Paul Streckfus is editor of the EO Tax Journal, a daily e-mail update of information, with commentary and analysis, for practitioners and scholars of exempt organizations (EO) tax law. It is thus a limited, but an important and influential, audience—especially to philanthropy and the nonprofit sector. In addition to being informative and insightful, the journal is itself important and influential, as well.[caption id="attachment_73964" align="alignnone" width="500"] Streckfus[/caption]
Streckfus began his career in the EO Division of the Internal Revenue Service (IRS), after which he’s covered EO and related issues as a journalist and analyst for decades since.
Below is the first of two parts of an edited transcript of a conversation that he was kind enough to have with me last week. In it, we discuss his career, the IRS and how it’s changed, the continuing and new challenges it faces, and his journal.
The conversation’s second part—in which we talk about Congressional interest in and public discourse about EO issues, limited-liability corporations (LLCs), donor-advised funds (DAFs), and watchdogs —is here.
Hartmann: So how does a nice guy like you end up becoming interested in and an expert on exempt organizations tax law?
Streckfus: Well, it was really by accident. I had started law school and after the first year, I was runningout of money. Fortunately, Georgetown Law School has an evening division, so I could transfer to that. But I needed a job during the day, so I put in my application with every federal agency in Washington, D.C.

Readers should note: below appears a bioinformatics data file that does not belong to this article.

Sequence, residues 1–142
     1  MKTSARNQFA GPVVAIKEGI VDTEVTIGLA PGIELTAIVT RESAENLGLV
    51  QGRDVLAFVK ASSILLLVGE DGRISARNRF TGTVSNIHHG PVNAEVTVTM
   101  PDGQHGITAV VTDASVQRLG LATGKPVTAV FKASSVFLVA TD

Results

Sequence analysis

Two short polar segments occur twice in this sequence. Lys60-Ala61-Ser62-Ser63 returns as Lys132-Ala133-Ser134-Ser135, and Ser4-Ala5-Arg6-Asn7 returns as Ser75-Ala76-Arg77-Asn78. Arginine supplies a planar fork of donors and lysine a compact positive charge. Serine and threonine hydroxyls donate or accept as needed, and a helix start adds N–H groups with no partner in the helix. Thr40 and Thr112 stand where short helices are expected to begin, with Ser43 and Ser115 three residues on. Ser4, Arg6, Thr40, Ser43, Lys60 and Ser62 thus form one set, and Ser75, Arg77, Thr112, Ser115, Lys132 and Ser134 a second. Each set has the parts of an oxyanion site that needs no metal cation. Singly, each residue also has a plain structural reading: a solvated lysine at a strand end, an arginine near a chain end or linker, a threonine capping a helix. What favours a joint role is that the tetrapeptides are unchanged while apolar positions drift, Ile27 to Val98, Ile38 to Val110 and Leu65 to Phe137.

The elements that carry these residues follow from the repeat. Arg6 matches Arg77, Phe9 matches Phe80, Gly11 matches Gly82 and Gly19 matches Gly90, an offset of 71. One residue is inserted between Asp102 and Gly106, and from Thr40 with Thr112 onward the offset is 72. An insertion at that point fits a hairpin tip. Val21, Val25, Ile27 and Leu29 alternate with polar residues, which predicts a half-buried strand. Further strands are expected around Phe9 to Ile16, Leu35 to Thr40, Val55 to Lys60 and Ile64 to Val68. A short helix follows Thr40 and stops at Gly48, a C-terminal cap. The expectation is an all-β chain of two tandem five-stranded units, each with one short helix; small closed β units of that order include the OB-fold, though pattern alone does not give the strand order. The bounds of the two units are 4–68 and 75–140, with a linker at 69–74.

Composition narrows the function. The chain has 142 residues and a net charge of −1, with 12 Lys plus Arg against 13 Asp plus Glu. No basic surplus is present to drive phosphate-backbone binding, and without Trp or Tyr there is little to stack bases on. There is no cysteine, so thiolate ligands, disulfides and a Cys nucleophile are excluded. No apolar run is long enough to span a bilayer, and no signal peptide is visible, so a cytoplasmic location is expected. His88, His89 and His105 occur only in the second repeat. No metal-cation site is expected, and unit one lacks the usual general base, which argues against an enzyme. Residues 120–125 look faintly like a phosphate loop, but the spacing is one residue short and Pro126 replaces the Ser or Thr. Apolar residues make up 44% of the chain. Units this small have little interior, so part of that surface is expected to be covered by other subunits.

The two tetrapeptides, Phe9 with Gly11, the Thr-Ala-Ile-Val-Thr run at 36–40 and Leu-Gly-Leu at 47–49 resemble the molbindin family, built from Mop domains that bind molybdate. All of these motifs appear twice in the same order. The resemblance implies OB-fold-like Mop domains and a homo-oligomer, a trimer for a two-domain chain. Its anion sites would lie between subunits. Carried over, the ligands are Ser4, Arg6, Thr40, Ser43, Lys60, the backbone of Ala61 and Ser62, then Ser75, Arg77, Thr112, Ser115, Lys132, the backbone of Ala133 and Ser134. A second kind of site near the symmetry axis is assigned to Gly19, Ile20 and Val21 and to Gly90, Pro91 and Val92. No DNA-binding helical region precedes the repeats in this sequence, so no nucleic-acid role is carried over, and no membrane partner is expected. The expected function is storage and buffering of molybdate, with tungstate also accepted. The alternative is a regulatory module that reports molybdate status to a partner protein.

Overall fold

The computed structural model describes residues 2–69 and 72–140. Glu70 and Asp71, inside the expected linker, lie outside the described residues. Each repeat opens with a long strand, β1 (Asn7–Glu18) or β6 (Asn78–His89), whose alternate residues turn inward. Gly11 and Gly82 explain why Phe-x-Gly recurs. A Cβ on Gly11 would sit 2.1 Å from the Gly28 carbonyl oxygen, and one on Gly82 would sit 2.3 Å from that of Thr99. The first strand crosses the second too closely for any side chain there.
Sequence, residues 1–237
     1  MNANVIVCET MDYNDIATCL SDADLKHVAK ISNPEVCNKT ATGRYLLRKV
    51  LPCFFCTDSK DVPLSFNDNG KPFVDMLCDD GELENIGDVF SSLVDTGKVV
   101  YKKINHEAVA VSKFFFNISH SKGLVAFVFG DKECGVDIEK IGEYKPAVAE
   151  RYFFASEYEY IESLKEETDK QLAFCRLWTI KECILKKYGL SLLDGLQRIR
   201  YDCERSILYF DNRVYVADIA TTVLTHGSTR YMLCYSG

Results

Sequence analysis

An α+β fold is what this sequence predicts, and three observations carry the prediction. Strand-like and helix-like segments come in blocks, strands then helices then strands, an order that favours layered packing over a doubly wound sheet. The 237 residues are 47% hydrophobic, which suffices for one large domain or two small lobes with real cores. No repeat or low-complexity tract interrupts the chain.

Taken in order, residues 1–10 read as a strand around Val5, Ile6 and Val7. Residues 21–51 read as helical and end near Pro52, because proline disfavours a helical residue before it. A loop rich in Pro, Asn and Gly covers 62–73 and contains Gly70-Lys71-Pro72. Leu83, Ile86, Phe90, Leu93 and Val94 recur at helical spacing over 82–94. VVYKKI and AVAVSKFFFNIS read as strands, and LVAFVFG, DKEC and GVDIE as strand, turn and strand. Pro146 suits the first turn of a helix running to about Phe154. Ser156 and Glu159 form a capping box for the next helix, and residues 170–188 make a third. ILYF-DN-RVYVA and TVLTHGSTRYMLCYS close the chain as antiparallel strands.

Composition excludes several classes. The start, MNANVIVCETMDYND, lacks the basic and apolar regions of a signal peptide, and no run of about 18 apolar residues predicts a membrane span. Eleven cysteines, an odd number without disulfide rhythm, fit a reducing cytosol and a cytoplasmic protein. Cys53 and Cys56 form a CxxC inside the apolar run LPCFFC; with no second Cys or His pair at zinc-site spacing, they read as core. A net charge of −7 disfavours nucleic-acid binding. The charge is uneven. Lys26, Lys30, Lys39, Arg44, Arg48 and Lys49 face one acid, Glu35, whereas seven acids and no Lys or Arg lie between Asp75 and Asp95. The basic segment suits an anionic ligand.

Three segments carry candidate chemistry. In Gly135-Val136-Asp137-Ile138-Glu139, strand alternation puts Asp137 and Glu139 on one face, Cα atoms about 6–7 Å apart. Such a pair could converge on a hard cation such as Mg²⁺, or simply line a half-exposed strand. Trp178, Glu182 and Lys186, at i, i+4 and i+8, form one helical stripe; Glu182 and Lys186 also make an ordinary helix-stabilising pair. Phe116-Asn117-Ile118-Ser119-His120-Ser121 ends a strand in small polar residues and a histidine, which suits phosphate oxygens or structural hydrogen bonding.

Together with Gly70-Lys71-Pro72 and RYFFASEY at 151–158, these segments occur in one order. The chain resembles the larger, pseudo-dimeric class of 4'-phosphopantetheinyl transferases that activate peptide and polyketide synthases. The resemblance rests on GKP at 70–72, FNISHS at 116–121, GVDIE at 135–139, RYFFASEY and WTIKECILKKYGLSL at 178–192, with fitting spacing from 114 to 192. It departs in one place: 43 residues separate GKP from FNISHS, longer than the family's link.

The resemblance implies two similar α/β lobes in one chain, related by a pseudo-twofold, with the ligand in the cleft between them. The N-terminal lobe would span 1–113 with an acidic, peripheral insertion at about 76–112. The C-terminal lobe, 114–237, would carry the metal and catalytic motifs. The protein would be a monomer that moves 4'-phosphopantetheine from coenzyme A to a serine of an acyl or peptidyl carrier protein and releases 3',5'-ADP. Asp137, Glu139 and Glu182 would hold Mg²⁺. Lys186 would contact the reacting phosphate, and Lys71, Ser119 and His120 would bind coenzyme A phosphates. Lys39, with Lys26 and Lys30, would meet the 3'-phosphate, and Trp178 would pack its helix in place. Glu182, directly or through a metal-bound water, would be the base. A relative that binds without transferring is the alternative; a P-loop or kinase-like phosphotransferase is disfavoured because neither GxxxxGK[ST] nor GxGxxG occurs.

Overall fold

The IRS called and said, would you like to work for us? I said yes and they said, well, you’ll be working in the Exempt Organizations Division. I had no idea what working there would involve, but it was a job and I said, sounds fine to me. That’s how I got into the exempt organizations area.
Hartmann: What year was that, Paul?
Streckfus: That was 1972.
Hartmann: Do you have an LL.M.?
Streckfus: No, I just have the J.D., but I took a lot of the LL.M. coursework once I knew I was interested in tax.
Hartmann: How long were you at the IRS?
Streckfus: Six years. I finished law school while working there and then spent a few more years, so I had a total of six years before I left in 1978.